Q. I accepted the Lord as my savior only 9 months ago. My thoughts constantly revisit the salvation He has given me for accepting Him, giving my life to him and for seeking his forgiveness of my sins.
My soul is troubled by sin that I committed a number of years ago before being saved. Through my exaggeration of the impact an incident had on my mental health, I was given a Government disability pension for life. Almost immediately, upon being ‘born again’ I felt convicted of this sin and went to the Government Office issuing the pension and told them that I didn’t deserve the pension and wanted it ceased. Departmental officers saw my attitude as an outcome of rehabilitative psychological and psychiatric treatment and said that their was no provision for its cessation unless I officially admitted that I lied to receive a benefit. By so doing this, I would be subject to criminal prosecution.
I have prayed to the Lord and asked him to take this burden from me and I had a period of peace in my heart but I am again being tormented by this and worry about my salvation and the inroad this provides to Satan and his minions. I have also prayed that the Lord will give my wife understanding of my turmoil. Although she is a Christian, she believes that I have an entitlement to the pension. I feel that other great sin in my life has been forgiven by the Lord but it is almost like I have to seek his forgiveness on this one sin, each fortnight I receive the pension. I would be grateful for your thoughts and advice on this. Needless-to-say, this sin made no impact on me when I committed it – I felt sincerely that the Government owed it to me.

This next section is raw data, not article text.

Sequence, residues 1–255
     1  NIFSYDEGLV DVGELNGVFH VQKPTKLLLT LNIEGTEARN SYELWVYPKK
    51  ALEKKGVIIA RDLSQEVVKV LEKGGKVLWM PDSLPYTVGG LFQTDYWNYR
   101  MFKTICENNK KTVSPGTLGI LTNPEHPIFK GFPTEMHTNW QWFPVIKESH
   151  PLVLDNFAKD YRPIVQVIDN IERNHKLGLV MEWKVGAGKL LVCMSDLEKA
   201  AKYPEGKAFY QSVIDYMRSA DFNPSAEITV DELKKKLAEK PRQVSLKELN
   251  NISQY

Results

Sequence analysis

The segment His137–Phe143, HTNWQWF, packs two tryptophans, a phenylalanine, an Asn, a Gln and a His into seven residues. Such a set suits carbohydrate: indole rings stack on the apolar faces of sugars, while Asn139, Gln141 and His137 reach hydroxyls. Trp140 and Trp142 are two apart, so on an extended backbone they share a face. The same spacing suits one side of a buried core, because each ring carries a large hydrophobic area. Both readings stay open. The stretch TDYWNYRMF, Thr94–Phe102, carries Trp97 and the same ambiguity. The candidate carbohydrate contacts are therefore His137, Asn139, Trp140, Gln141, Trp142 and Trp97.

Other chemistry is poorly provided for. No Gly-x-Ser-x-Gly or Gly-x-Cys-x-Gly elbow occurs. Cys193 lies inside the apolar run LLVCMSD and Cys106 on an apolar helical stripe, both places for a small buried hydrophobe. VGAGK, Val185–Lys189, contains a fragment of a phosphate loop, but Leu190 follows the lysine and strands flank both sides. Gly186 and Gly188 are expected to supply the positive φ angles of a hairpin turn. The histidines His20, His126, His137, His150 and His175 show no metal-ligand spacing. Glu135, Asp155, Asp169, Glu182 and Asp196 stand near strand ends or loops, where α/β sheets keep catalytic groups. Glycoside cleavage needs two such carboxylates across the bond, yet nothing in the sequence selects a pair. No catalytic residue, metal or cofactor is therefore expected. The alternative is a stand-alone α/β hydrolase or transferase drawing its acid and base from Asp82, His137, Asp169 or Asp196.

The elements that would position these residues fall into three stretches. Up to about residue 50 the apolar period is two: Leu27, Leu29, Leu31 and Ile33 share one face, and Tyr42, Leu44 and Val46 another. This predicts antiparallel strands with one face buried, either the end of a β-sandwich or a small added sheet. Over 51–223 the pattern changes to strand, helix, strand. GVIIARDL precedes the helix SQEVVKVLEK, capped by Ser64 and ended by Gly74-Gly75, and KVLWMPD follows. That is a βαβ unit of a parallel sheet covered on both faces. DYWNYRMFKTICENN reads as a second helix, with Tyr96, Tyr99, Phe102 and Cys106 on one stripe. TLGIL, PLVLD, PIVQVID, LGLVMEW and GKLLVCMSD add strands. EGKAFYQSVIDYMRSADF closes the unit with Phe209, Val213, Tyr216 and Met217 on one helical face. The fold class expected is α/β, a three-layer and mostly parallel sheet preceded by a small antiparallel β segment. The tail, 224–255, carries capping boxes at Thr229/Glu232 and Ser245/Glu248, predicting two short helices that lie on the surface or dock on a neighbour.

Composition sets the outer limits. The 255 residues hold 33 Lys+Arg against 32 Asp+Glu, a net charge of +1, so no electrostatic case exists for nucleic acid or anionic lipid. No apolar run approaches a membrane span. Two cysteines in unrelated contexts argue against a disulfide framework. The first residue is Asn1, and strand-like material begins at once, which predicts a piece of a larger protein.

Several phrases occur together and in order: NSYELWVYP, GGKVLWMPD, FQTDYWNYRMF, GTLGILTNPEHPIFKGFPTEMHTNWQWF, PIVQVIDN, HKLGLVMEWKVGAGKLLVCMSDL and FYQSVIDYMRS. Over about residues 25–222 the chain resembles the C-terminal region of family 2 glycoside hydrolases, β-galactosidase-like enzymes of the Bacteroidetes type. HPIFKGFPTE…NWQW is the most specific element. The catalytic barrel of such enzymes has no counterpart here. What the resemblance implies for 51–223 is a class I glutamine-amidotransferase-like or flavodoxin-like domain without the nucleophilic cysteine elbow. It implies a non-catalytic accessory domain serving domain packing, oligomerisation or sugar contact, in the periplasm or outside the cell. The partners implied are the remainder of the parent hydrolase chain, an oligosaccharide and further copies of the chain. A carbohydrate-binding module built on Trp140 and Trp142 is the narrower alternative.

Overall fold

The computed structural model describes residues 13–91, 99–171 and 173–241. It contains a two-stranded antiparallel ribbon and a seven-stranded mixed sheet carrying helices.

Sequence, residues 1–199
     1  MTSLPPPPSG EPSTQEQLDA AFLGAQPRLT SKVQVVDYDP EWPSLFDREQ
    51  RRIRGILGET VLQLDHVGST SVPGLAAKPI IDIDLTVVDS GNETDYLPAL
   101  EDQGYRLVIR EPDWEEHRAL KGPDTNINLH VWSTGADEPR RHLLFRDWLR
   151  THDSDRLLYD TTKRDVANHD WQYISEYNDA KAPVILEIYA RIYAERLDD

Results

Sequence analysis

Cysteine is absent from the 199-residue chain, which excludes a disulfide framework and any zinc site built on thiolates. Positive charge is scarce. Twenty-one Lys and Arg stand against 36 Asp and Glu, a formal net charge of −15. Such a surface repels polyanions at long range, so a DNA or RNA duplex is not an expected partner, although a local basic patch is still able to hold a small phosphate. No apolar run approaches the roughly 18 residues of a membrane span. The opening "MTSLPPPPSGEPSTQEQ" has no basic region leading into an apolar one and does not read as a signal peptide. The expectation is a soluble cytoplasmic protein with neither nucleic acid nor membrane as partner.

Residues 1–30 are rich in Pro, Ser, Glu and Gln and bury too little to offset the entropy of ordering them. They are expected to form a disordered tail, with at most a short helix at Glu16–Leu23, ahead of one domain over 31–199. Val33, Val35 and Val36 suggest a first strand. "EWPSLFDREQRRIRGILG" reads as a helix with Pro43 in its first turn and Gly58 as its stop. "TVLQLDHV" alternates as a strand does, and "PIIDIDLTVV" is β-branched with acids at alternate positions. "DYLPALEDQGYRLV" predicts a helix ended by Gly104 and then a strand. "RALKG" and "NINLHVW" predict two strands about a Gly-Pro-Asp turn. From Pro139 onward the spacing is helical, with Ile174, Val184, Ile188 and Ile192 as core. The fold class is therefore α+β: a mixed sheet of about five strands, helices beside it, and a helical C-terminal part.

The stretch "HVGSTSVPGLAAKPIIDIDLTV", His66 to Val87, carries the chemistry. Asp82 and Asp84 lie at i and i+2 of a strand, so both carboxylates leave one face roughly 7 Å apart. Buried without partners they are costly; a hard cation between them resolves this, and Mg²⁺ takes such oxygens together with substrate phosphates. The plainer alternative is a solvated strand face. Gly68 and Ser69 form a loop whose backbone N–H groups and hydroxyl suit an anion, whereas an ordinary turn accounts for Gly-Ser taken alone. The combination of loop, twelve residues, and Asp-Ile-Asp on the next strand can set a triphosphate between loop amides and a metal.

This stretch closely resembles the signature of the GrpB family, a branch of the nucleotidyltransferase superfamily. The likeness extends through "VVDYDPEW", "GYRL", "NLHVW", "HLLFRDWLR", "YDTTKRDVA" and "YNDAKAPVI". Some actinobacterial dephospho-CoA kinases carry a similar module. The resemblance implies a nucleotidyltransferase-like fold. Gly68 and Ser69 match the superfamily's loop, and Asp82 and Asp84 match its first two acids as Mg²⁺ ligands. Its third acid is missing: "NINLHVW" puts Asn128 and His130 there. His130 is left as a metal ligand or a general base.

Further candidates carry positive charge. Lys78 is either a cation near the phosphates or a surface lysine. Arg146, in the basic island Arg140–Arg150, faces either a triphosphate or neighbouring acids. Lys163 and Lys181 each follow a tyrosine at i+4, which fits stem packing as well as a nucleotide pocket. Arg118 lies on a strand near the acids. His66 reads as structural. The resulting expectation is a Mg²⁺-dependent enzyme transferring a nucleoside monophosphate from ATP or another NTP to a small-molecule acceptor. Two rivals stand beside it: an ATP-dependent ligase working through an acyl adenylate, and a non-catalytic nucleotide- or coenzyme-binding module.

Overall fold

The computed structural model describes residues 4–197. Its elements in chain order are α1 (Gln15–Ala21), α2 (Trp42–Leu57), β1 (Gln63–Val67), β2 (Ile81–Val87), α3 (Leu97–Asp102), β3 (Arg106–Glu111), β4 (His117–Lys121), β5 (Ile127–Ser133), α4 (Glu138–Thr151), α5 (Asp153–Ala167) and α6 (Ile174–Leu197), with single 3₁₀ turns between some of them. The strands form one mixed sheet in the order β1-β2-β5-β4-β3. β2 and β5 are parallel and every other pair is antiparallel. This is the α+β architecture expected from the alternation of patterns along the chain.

A. My advice would be to ask a legal expert what your options are. Someone familiar with the law may know of a way for you to refuse future payments without risking criminal charges for the past, since at the time you applied for benefits you were convinced the government owed you the money. An expert may also know of a way for you to make restitution, if that’s what you believe the Lord is calling you to do. It’s important for you and your wife to be of one mind about this so ask the Lord to help the two of you come to a mutually acceptable resolution. In the mean time you can refuse to cash the checks you’re getting to avoid increasing the amount you feel you’ve improperly received.
Regardless of what you do, the Lord has already forgiven you for all the sins of your life, and so while it’s important for you to believe you’re doing the right thing in His sight, your salvation is not at risk.
Since your intentions are pure and you’re working to resolve the situation, the guilt you feel is from Satan, who’s trying to steal the joy of your salvation. You don’t have to accept the bad feelings he’s heaping on you. James 4:7 tells us that if we resist him he’ll flee from us. That means you can choose not to feel guilty for past sins. You’re a new creation now (2 Cor. 5:17). The old you has gone and the new you is working to make things right.